Facebook revealed it had discovered a security issue affecting millions of accounts on 25 September 2018. The attackers exploited a vulnerability in Facebook’s code that impacted 'View As', a feature that lets users see what their own profile looks like to someone else. When composing a birthday wish message with video, as of July 2017, the attacker could exploit the 'View as' option of the video uploader to get access to the profile of the user being looked up, including their login details. The access token was then available in the HTML of the page and extracted by the attackers who exploited it to login as another user. Facebook reset the access tokens of almost 50 million accounts thought to be affected, and temporarily disabled the 'View As' feature. On 12 October, Facebook announced hackers actually stole access tokens of about 30 million users, 20 million less than previously thought. For 15 million users, attackers accessed name and contact details (phone number, email, or both). For 14 million users, the attackers accessed name and contact details, as well as other details people had on their profiles, including username, gender, religion, birth date, etc. For 1 million users, the attackers did not access any information.
Privacy and data protection are two interrelated Internet governance issues. Data protection is a legal mechanism that ensures privacy. Privacy is usually defined as the right of any citizen to control their own personal information and to decide about it (to disclose information or not). Privacy is a fundamental human right. It is recognised in the Universal Declaration of Human Rights, the International Covenant on Civil and Political Rights, and in many other international and regional human rights conventions. The July 2015 appointment of the first UN Special Rapporteur on the Right to Privacy in the Digital Age reflects the rising importance of privacy in global digital policy, and the recognition of the need to address privacy rights issues the the global, as well as national levels.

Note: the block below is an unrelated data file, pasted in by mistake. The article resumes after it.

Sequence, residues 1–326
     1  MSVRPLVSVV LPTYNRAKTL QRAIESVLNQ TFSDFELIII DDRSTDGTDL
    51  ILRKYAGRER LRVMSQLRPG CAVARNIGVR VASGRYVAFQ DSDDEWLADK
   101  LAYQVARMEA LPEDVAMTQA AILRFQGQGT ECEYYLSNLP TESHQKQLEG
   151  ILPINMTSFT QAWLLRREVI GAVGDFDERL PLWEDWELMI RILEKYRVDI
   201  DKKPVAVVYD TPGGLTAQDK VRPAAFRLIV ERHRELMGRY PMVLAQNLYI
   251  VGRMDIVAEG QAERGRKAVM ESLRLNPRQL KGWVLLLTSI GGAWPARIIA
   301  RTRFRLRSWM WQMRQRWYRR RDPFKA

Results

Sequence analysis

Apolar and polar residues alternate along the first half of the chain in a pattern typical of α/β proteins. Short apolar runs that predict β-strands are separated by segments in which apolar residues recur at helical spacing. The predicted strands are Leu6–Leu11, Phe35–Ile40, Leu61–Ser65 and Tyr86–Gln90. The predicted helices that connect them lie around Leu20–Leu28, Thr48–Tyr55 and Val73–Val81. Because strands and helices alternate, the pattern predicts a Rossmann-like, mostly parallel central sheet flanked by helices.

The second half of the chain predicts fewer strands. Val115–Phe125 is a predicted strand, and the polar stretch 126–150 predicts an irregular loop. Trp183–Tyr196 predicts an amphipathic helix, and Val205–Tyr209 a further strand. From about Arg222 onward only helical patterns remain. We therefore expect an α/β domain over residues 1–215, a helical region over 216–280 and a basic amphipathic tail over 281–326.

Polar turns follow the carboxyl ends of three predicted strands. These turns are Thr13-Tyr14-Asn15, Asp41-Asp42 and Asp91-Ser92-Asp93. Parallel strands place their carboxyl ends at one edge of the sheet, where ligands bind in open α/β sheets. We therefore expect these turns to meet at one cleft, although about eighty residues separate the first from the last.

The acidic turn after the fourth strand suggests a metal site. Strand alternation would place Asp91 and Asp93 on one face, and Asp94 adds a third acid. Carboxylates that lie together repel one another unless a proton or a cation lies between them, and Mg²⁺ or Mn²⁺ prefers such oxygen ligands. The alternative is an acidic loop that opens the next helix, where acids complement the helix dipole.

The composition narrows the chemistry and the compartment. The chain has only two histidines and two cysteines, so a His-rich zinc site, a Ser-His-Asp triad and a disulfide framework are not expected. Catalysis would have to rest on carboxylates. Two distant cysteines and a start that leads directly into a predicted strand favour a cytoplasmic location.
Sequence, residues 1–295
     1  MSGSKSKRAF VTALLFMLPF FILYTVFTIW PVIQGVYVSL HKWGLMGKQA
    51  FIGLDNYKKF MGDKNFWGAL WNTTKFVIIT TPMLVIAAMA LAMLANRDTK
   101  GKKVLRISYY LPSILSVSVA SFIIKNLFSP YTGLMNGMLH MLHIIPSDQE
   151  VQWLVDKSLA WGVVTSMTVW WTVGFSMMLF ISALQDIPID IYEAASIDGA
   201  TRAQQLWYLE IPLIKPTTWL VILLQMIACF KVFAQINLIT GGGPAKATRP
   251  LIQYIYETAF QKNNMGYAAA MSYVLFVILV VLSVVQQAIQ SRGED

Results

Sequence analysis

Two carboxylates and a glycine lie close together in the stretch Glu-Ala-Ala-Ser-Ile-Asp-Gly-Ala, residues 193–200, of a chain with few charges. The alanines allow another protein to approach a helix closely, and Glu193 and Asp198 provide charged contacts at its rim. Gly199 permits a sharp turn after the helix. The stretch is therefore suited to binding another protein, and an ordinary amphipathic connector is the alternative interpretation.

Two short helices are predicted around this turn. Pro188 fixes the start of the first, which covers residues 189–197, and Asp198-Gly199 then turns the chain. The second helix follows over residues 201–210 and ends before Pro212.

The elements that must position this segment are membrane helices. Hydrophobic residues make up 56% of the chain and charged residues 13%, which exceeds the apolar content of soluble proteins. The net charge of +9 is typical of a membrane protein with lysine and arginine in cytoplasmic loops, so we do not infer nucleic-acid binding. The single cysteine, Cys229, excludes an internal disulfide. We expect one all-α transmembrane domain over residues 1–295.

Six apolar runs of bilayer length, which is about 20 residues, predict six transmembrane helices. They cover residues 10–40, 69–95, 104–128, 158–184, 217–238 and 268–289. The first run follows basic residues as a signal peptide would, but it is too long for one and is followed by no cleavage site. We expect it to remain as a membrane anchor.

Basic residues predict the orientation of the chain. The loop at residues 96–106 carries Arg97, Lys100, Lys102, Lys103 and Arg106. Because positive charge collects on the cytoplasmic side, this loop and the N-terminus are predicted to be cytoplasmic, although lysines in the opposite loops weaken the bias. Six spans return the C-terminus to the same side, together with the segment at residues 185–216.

Cybersecurity is among the main concerns of governments, Internet users, technical and business communities. Cyberthreats and cyberattacks are on the increase, and so is the extent of the financial loss.
Yet, when the Internet was first invented, security was not a concern for the inventors. In fact, the Internet was originally designed for use by a closed circle of (mainly) academics. Communication among its users was open.
Cybersecurity came into sharper focus with the Internet expansion beyond the circle of the Internet pioneers. The Internet reiterated the old truism that technology can be both enabling and threatening. What can be used to the advantage of society can also be used to its disadvantage.
Cybercrime is crime committed via the Internet and computer systems. One category of cybercrimes are those affecting the confidentiality, integrity and availability of data and computer systems; they include: unauthorised access to computer systems, illegal interception of data transmissions, data interference (damaging, deletion, deterioration, alteration of suppression of data), system interf
Intermediaries play a vital role in ensuring Internet functionality. In several Internet governance areas, such as copyright infringement and spam, Internet Service Providers (ISPs) are considered key online intermediaries. In other areas, such as defamation and the so-called right to be forgotten, the responsibility extends to hosts of online content and search engines.